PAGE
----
Music seems to be where Apple turns whenever it wants to reinvent itself. In October 2001, the company unveiled the iPod, a few months after introducing the iTunes “digital jukebox.” Back then, the stock was stagnating below $20 a share, and critics were skeptical of the new products.
As it turned out, even the optimists had little idea of what was ahead. The iPod became not only a bestselling mp3 player and cultural icon, it helped Apple design the best – and for a while, bestselling – smartphone. The stock rose as high as $700 in 2012, marking a 38-fold increase from its level the month the iPod was announced.
Today – with Apple’s stock stagnating around the $600 level and critics wondering whether Tim Cook has a vision for the company’s future – Apple agreed to pay $3 billion for Beats Music and Beats Electronics. The deal, widely expected, is nonetheless notable. It reveals Cooks vision as a clear-sighted glance into the rearview mirror, reflecting Apple’s glory days.
It’s not that Beats isn’t popular. Last year, its headphones held a 27 percent share of the North American headphone market and a 67 percent share for the premium ($100 or more) market. And it isn’t that the company isn’t a strong fit with Apple. Both understand the magic mix of product, design and marketing that resonates with a lot of mainstream consumers.
It’s more that, while Google improves its driverless cars and Amazon tinkers with delivery by drone, Apple is still trying to win an established market that has limited potential for growth. It’s entirely possible that no company – not Apple/Beats, not Spotify, not Pandora, Rdio or any other player – will emerge as the runaway leader in the streaming-music industry. The soil in that market is proving so barren that whoever the leader is may end up living a life of subsistence farming.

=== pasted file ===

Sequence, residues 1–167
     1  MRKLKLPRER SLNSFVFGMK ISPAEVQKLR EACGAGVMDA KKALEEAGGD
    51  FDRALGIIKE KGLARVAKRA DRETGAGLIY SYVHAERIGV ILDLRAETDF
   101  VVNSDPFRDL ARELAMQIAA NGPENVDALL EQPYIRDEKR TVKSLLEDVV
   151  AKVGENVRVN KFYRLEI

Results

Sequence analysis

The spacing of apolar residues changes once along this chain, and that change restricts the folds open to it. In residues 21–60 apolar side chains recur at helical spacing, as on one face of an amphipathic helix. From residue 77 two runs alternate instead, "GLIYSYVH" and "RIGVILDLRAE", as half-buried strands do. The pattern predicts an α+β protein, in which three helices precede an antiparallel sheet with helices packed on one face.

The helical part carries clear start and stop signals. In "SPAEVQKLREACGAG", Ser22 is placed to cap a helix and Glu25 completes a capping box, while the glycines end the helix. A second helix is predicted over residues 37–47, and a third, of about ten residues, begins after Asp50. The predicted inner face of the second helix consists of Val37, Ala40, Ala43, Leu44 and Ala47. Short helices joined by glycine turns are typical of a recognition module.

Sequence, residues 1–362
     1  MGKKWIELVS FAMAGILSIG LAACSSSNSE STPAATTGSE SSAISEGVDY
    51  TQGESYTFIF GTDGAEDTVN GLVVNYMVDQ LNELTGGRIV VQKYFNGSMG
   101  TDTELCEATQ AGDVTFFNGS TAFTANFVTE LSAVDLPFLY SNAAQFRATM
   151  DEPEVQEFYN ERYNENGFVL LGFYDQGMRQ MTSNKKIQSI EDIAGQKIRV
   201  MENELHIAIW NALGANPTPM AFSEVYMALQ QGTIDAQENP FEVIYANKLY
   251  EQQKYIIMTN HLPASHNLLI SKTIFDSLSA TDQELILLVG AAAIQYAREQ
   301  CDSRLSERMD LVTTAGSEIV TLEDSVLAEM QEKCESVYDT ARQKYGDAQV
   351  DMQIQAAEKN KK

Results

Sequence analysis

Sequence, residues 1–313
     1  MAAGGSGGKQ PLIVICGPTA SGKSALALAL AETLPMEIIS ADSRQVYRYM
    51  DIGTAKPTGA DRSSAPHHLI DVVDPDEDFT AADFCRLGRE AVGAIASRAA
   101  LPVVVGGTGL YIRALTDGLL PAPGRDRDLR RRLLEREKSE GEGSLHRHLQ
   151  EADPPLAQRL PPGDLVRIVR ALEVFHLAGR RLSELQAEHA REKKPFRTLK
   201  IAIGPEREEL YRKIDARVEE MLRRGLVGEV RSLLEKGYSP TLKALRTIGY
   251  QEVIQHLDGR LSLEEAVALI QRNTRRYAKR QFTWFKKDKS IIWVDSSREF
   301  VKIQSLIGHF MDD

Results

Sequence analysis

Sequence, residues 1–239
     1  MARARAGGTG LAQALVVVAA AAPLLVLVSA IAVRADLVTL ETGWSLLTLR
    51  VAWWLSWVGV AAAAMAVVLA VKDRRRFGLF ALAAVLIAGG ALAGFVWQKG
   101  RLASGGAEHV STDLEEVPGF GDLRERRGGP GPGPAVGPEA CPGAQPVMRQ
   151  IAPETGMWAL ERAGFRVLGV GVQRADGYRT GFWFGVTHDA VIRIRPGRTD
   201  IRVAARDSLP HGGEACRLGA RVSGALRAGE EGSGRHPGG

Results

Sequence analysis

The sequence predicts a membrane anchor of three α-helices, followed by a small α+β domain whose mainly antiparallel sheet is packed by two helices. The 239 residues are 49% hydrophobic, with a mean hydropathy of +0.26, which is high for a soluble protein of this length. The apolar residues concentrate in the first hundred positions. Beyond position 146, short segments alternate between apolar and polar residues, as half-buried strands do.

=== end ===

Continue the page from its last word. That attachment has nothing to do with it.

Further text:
Music was a great market for Apple 12 years ago because it was in a tumultuous transition from an aging model to a new, digital one. But the new model is troubled. Many artists are unhappy with streaming royalties. And selling music players like the iPod isn’t as lucrative now because most people just listen through their smartphones.
Beats can address that problem, but maybe not for long. Beats headphones are big sellers not because of the quality of their sound but because of their fashion appeal. It’s easier to stay on top when people buy your product because of the quality of its technology. Fashion is notoriously fickle, and consumers will even eschew a fashionable brand after a few years once the allure fades. Once the Beats brand peaks, if it hasn’t peaked already, Apple will be stuck with an aging line of audioware.
There’s also the question of the price Apple is paying. In September 2011, HTC bought a 50.1 percent stake in the company, valuing it at $600 million. Two years later, Carlyle Group bought a comparable stake, valuing the company at $1 billion. No matter how you slice it, the growth in Beats’ business doesn’t justify a fivefold increase in value over the past two and a half years.
Apple is overpaying for Beats because it has technology that resonates with consumers in ways that Apple’s in-house music-streaming offerings have not. Yet early signs were that Beats Music was slow to sign up subscribers. And who knows how popular it will be if it’s integrated with iTunes, the software program people use only when they have to, and even then with a sense of dread.
Apple’s stock is unchanged in after-hours trading on the news, largely because news that a deal was in the works broke three weeks ago. The stock is up 5% since those initial reports. So investors, who are constantly asking Cook for information on new product categories, are content with an expensive investment in an old one. But if this is Apple’s boldest move of the year, that sense of contentment won’t last long.
[Photo credit: Raul Joe]